The President is promising to veto a bill requiring the release of Pastor Saeed and the other Americans imprisoned in Iran.

 

Time is running out. We must put more pressure on the White House and Congress.

 

The fact of the matter is simple.  There can be no deal unless Pastor Saeed and his fellow American hostages in Iran are free.

 

The Senate is debating key amendments that prioritize the release of American Pastor Saeed Abedini to reunite him with his family here in the U.S., along with the release of the three other American hostages, Jason Rezaian, Amir Hekmati, and Robert Levinson.  We are fighting on Capitol Hill and working directly with members of the U.S. Senate.

 

Over 185,000 of you have already signed our latest petition to urge the U.S. Senate to do the right thing.

 

Stand with us as we urge Congress to legally require Pastor Saeed’s freedom before any deal with Iran is finalized.

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Walking a Day Imprisoned with Pastor Saeed

 

By ACLJ Staff

April 29, 2015

American Center for Law Justice

 

* The following is an expository narrative crafted from the information imprisoned American Pastor Saeed has shared with his family and descriptions publicized from released prisoners of Rajaei Shahr Prison.  As Pastor Saeed’s wife Naghmeh says, “This is a day in the life of Saeed as he would tell it.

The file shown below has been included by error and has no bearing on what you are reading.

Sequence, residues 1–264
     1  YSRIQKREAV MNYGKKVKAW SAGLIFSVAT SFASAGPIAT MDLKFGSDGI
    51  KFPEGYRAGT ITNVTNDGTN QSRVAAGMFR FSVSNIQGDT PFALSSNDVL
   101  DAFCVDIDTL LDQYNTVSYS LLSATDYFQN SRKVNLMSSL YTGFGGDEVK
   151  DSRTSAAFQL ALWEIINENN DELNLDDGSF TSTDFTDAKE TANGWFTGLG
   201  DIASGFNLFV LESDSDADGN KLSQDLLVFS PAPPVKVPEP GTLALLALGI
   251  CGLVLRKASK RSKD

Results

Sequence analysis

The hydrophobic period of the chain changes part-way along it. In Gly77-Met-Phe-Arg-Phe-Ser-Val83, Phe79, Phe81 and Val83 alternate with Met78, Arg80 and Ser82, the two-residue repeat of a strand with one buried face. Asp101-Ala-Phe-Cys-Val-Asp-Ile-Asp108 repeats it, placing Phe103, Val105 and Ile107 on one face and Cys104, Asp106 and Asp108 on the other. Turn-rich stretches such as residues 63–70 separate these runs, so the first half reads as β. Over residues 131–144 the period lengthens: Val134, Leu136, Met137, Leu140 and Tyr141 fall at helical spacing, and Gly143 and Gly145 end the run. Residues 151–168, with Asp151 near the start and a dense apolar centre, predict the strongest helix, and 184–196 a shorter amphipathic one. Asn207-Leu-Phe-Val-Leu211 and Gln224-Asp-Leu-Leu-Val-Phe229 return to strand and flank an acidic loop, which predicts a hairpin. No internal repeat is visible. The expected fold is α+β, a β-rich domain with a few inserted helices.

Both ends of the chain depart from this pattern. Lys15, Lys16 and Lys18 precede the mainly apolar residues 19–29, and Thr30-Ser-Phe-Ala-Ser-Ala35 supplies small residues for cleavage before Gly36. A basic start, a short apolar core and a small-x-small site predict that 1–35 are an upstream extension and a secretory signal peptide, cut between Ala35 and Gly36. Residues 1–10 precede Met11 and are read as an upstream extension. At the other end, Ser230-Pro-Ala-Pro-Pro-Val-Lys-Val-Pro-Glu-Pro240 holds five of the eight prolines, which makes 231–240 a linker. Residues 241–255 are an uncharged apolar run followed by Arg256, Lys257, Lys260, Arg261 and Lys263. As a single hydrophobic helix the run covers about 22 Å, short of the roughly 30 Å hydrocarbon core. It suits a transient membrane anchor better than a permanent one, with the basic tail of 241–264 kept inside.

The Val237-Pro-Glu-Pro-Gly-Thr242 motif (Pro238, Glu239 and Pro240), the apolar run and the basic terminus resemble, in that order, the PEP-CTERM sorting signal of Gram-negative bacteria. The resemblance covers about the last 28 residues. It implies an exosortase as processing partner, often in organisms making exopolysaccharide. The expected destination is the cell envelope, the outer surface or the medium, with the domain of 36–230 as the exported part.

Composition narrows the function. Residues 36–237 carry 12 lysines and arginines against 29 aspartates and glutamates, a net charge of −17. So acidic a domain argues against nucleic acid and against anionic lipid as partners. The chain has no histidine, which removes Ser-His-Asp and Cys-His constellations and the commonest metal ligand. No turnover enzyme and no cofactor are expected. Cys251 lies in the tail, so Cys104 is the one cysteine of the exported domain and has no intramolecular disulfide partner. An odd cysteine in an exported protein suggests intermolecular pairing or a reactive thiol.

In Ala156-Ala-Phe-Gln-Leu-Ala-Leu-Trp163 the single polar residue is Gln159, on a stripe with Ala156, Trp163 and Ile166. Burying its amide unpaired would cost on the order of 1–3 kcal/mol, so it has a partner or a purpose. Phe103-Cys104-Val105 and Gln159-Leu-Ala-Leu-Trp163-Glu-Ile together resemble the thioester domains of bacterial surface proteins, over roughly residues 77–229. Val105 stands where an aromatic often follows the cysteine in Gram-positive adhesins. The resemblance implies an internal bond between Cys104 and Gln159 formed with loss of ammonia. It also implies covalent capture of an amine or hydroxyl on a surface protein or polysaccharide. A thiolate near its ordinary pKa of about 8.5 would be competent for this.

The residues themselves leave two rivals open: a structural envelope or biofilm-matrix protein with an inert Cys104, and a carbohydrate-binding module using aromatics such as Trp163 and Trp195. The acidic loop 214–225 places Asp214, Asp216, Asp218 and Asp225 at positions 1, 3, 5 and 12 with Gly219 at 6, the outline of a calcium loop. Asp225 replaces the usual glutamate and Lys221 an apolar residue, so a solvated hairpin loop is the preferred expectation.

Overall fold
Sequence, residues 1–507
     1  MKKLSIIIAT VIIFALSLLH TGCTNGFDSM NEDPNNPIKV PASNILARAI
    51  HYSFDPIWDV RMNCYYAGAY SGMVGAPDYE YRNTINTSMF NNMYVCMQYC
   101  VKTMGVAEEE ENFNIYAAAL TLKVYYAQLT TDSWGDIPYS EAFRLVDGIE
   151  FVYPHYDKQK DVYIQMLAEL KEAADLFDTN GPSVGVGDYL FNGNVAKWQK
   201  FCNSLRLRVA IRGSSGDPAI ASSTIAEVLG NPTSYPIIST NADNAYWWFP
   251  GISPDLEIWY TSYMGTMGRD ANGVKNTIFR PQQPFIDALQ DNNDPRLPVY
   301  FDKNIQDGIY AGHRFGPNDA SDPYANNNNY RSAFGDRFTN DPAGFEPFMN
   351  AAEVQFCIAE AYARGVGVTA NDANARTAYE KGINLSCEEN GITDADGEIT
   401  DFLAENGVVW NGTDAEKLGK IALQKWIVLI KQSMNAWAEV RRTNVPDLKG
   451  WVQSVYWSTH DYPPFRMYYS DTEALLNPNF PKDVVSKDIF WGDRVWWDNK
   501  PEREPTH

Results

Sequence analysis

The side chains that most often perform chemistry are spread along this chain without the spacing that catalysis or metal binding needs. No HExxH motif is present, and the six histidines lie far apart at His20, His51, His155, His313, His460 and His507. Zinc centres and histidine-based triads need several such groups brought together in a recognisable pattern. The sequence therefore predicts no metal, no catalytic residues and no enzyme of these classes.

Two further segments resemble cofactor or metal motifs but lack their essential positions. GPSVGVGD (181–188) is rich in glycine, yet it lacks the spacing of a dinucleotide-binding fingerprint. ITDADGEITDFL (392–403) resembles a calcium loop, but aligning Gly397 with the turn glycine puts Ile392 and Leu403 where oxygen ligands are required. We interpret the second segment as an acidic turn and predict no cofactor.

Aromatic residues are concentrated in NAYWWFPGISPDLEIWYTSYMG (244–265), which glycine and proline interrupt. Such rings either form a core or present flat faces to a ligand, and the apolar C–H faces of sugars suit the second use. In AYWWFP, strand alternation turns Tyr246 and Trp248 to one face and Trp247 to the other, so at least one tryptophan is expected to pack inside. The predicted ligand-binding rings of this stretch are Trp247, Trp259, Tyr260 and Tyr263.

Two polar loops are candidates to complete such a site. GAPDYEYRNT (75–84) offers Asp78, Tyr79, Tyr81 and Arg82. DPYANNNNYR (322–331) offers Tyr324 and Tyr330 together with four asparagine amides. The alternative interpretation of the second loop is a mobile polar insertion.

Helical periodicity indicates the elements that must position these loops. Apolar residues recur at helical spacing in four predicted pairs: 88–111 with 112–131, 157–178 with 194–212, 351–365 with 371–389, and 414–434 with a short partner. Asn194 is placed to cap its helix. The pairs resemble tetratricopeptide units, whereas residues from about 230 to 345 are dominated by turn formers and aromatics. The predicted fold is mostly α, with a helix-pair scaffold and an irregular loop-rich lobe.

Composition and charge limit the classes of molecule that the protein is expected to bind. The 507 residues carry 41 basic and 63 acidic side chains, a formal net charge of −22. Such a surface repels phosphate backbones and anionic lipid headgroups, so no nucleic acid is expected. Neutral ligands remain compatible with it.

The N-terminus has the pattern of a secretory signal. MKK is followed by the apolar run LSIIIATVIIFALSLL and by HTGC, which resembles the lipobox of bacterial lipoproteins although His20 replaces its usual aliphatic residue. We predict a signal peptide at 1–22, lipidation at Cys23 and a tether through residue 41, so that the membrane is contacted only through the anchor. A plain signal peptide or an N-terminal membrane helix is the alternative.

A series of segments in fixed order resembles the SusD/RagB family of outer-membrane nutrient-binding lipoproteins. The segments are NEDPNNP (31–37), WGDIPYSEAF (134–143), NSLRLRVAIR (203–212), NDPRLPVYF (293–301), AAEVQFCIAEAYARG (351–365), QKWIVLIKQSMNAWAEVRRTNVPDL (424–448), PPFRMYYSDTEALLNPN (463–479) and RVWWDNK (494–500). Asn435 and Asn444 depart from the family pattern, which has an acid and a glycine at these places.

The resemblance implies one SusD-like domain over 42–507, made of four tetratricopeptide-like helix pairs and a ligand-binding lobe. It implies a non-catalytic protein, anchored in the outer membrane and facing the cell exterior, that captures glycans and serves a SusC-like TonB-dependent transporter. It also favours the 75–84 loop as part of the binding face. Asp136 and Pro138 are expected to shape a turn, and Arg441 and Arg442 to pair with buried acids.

8:00 AM         I awake after another sleepless night, not knowing what the day will hold.  Will another of my fellow inmates be dragged to the gallows today?  Will another inmate steal my belongs? Will a guard threaten me to recant my faith and return to Islam?  I start to try and prepare my mind for what strength I will need for another day, but my thoughts are interrupted as the guards come to count me. To them I am not a man but just another number. I debate whether to lay my head back down and skip the meager breakfast of bread and cheese, realizing that if I do, I will only have one other meager portion of food to sustain me for the entire day.  Reality hits abruptly every morning, awakening me from my dreams of family and freedom. Sleep is incredibly alluring as it is in my sleep that I temporarily escape the reality of prison life.  Sleep also helps me pass the time and to avoid tension among other prisoners. There are days where I don’t have the strength to get out of bed, but luckily today is not that day.  Today, as I begin my day, I stop and pray to steady my mind and remind myself of the promises of God.